With it being a few weeks before his 37th birthday, Bobby Lashley, who once looked to be on the verge of superstardom in pro wrestling and later a top attraction in MMA, is someone whose greatest advantages turned out in hindsight to be his biggest handicap.
At first, Lashley’s freaky physique was his calling card, which led to him being rushed to the top of the pro wrestling world. Then, when he left pro wrestling for MMA. Because of his pro wrestling fame, amateur background and the way he looked, promoters wanted to immediately cash in on his name recognition as a World Wrestling Entertainment star, when he was really just a novice fighter.
Four-and-a-half years later, Lashley (8-2) faces Matthew Larson (2-2) on this weekend’s only MMA pay-per-view event, a Saturday night show called Global Warrior Challenge from the Sprint Center in Kansas City.
He just agreed to the fight on Sunday, and got his opponent a few days later. Of late, he’s continued to dabble in both pro wrestling and MMA, along with being a full-time father, helping troubled kids in his area, and running his gym.
Right now, he’s looking at a goal to remake himself as a 205-pound fighter, even though he admits he’ll probably be coming in at closer to 245 pounds for his fight this weekend.
“Right now I’m trying to do some soul searching,” Lashley said. “My passion has always been wrestling. But fighting is paying the bills. I want to feel comfortable in the ring like I do in the gym. I think the best thing to do is go to 205 pounds. I can make it down there. I’ll be quicker, faster and I’ll have more energy down there.”
Lashley was an Olympic hopeful in Greco-Roman wrestling for the 2004 Olympics. After suffering a knee injury in dropping to the ground while he was at a bank that was being robbed, the injury eliminated any chance to make the team.
At the time, he wrestled at 211.5 pounds, and thus, has experience in weight-cutting, feeling if he eat healthier and did more cardio, he can get down to 230. At that weight, he feels he can cut to 205 and fight back at 230.
Lashley captured the NAIA wrestling championship in 1996, 1997 and 1998 at Missouri Valley College. His athletic ability, combined with his crazy genetics, gigantic biceps, shoulders and just about everything else made him a great prospect as a pro wrestler.
Even in the world of steroid freaks that pro wrestling sometimes was, nobody had ever seen anyone who looked quite that muscular carrying that kind of size, who was actually athletic as well. Brock Lesnar, who Lashley was often compared to in pro wrestling, was even larger, but couldn’t come close to Lashley’s Hercules comic-book look.
That all sounds great, and it opened doors that he otherwise could have never gotten in.
But the problem was, he had never done pro wrestling. He was starting from ground zero in late 2004 in Louisville, ironically the same camp where current Bellator fighter “King” Mo Lawal has been trains. Those running Ohio Valley Wrestling figured Lashley was an almost guaranteed superstar, but feared World Wrestling Entertainment head honcho Vince McMahon would see him too soon, and it would be the worst thing possible.
McMahon, in love with physiques, would immediately want Lashley on the main roster and try to make him into one of his biggest stars. The feeling was that if McMahon saw him, he’d be on television before he was ready, not be good enough or experienced enough, and because first impressions are so important, perhaps never come close to his potential.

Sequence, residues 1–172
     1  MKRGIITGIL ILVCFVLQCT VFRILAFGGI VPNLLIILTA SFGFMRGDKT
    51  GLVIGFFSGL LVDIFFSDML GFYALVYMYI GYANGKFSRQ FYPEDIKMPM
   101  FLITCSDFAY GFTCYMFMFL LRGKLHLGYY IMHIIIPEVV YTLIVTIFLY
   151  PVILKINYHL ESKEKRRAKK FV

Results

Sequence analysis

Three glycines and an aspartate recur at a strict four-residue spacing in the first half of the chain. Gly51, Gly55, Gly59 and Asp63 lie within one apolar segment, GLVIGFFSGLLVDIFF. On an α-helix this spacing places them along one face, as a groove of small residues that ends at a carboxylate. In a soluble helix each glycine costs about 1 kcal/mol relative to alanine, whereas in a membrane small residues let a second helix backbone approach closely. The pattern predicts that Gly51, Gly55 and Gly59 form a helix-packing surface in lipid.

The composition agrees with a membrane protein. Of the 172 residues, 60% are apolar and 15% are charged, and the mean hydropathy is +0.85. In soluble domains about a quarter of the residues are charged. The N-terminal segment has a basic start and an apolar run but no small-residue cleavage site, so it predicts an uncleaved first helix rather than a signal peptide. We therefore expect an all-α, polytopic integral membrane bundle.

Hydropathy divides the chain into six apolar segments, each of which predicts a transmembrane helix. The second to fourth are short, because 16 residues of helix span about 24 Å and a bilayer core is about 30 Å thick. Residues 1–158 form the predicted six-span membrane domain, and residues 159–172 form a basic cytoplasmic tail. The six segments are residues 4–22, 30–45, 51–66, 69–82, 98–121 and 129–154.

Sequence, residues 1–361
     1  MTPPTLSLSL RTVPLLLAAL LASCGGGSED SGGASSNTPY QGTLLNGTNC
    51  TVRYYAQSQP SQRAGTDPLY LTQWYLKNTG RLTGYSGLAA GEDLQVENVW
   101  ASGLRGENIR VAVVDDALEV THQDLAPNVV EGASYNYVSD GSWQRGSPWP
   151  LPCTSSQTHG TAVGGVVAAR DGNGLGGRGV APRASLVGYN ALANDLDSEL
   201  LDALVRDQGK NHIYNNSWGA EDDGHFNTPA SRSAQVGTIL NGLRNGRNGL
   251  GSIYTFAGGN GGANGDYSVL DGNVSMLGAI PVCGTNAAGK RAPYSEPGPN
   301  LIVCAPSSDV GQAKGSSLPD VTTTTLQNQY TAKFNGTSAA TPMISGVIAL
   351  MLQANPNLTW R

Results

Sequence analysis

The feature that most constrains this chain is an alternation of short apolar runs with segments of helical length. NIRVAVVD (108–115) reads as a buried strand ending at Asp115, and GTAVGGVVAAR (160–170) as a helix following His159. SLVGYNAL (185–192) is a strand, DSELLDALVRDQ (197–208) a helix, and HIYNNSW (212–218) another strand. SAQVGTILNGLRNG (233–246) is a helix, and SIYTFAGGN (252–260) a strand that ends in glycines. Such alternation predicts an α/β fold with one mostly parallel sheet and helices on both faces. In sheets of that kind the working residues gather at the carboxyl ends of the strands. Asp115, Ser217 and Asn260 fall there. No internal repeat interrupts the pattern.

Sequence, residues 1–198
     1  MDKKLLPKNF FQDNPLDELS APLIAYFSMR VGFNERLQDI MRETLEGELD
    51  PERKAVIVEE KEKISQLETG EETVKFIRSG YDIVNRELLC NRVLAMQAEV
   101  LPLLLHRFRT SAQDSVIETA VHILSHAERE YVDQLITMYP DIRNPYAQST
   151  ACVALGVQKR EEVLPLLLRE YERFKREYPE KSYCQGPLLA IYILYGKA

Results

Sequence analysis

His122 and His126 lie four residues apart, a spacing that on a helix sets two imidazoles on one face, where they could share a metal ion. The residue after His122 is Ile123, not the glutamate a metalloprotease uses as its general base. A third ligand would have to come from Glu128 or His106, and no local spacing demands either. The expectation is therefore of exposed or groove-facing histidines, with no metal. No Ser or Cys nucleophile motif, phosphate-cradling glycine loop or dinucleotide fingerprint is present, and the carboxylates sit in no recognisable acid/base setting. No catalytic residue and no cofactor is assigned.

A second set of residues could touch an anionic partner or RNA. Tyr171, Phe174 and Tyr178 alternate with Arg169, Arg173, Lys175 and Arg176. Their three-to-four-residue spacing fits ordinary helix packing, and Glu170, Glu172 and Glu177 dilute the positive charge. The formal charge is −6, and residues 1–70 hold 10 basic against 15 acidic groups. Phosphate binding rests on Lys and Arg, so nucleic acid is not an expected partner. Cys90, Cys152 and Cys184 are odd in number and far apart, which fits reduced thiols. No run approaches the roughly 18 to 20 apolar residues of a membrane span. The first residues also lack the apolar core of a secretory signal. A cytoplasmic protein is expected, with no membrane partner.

That was somewhat prophetic. Only a few months after he started, people were so high on his potential that he was brought to television and McMahon saw him.
Less than a year after he started, he was a full-timer being groomed for stardom on national television. Even Lesnar, who was also rushed onto national television before he was ready, took two full years of training before starting his rise to stardom. For most, the time frame is five years or more.
By 2007, he was a participant in the biggest drawing pay-per-view match in wrestling history. He was managed by Donald Trump as part of the Trump vs. McMahon angle where the losing manager in the Lashley vs. Umaga match, in this case McMahon, got his head shaved before a sold out 74,687 fans at Ford Field in Detroit. The show did 1.25 million pay-per-view buys, the largest number in pro wrestling history. It wasn’t Lashley who drew it, even though he won the match, but the “Battle of the Billionaires” with their hair at stake.
But just being in that position meant McMahon saw him as one of his top guys even though he was still learning. Naturally soft-spoken, he was not yet to be able to do an interview like a headliner. In the ring, while having he athletic ability, he was still learning the game under the microscope of being a main eventer. His shoulder, damaged for months, was getting progressively worse. He asked for time off for surgery.
The reaction was mixed. Wrestlers, often a very jealous breed, were never happy that someone of so little experience was McMahon’s hand-picked favorite. When he was injured, the feeling was that when you’re given a top spot, you don’t take time off. Many resented him opting for surgery. There were also problems with at least one high ranking official, and there was the drama of his girlfriend being in the company and then fired. Lashley asked for his release. Less than three months after being in the biggest drawing pay-per-view match in history, he had wrestled his final WWE match.
Lesnar had already taken a similar path from pro wrestling superstar to being the biggest drawing card in UFC. With his similar amateur wrestling background, Lashley went into MMA. The problem is, Lesnar’s path to stardom, walking in and facing established stars, isn’t advisable for most and was something Lashley tried to avoid.
“Looking back, I would want to do it different, but I don’t think I’d have had the opportunity to do it different,” he said. “I have fighters in my gym now that I wouldn’t even want to fight until they get to a certain level. Then they’ll have a few amateur fights. If I was a regular Joe, I’d have done some amateur fights, so I’d learn to feel comfortable at it. Even when I was starting, everyone was doing amateur fights before pro fights. I didn’t have that. My first fight was the main event at the American Airlines Arena (in Miami).”
Lashley’s physique, his calling card, saw him look like a star and had people treat him like a star. He’d only had a few fights before people were talking about him for a fight with Fedor Emelianenko, at the time considered the best heavyweight in the world. It seemed like a freak show match, then, and never happened. In hindsight, it sounds even worse now. While Lashley dominated the first round of every fight he’s had, those giant muscles need loads of oxygen in a 15 minute fight, and in longer fights, he was exhausted. He attributed that as much to getting too excited and adrenaline dumps due to inexperience.